April 2008 Archives

Things completed:

- Filled the bird feeder for the first time since last fall
- Prepare snowblower for off season (siphon fuel back to can, run snowblower dry)
- Change lawnmower oil
- Sharpen lawnmower blade
- Mow the lawn
- Clean up piles of leaves near driveway, air conditioner, and back porch steps (and put them in our new compost bin)
- Take hoses out of garage and hook them back up
- Change tires on the IS300 (store snow tires, put on summer tires)

Things yet to be completed:

- Pick up my roto-tiller from my sister
- Prepare garden area behind garage (till, mix in new soil, fertilize)
- Purchase garden fence and install it
- Plant seeds
- Water
- Purchase new mulch and spread
- Use the tiller in 'edger' mode to clean up the edges of the lawn near the driveway/sidewalk
- Trim bushes
- Trim trees (and call a tree trimmer to allow more sunlight by the garden and trim the maple away from the house)


So, CNN is reporting that a study shows single parents cost taxpayers $112 billion.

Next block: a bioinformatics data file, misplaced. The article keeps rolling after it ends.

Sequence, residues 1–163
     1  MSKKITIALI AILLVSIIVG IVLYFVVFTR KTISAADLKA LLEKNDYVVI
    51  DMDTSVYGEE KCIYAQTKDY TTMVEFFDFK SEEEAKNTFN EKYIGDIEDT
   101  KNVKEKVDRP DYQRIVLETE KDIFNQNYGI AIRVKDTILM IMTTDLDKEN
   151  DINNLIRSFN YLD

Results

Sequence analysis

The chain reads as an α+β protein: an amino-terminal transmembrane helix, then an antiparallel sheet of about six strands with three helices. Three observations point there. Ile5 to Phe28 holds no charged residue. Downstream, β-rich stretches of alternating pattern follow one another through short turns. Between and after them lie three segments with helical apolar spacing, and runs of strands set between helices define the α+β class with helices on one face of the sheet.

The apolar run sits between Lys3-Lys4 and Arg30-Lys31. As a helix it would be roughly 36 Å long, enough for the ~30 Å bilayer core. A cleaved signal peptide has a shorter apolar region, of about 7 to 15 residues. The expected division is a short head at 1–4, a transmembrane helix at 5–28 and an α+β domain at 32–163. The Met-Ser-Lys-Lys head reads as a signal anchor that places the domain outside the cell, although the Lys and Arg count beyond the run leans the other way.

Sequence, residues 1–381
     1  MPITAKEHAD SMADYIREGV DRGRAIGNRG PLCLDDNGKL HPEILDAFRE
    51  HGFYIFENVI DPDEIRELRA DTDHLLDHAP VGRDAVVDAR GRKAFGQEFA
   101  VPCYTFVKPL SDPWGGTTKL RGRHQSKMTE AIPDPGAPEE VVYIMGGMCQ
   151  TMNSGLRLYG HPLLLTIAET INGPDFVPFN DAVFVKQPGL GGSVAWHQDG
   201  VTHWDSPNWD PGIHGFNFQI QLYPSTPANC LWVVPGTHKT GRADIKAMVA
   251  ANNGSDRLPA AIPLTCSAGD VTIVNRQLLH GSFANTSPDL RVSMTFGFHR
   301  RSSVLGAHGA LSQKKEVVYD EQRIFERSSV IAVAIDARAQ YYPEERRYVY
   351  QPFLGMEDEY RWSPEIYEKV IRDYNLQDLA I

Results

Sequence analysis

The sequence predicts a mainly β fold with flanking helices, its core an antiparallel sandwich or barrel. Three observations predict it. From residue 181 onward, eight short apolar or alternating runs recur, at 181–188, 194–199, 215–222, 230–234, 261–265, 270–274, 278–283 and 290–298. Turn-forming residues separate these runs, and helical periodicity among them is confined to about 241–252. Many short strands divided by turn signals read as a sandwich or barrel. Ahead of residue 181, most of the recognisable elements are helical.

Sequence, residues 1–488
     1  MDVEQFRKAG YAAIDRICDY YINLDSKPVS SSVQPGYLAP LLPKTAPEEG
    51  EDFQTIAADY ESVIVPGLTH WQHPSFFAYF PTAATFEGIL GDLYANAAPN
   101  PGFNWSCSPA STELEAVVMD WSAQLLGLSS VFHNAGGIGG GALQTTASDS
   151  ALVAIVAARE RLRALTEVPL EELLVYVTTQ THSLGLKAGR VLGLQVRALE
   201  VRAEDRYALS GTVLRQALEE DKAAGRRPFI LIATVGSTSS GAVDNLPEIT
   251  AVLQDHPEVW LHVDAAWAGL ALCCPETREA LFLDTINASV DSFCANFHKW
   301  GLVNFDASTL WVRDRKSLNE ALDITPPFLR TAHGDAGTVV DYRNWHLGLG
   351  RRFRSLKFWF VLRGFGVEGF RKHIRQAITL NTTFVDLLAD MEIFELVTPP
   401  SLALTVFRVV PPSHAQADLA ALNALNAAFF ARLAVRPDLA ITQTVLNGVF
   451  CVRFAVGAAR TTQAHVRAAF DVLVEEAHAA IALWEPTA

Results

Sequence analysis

Of course, the observant reader will notice that the "... work was sponsored by four groups ... the New York-based Institute for American Values, the Institute for Marriage and Public Policy, Families Northwest of Redmond, Washington, and the Georgia Family Council, an ally of the conservative ministry Focus on the Family."

As you might expect, when advocacy groups (of any political persuasion) support any kind of study, the outcome is strangely correlated with their agenda.

There is a good discussion of the particular trick used to achieve the result with this study in this post (at the Freakonomics blog).


"But the first law of advocacy science coincides with a well-known economic principle: any cost-benefit analysis that only looks at one side of the ledger will always come to a reliable conclusion."

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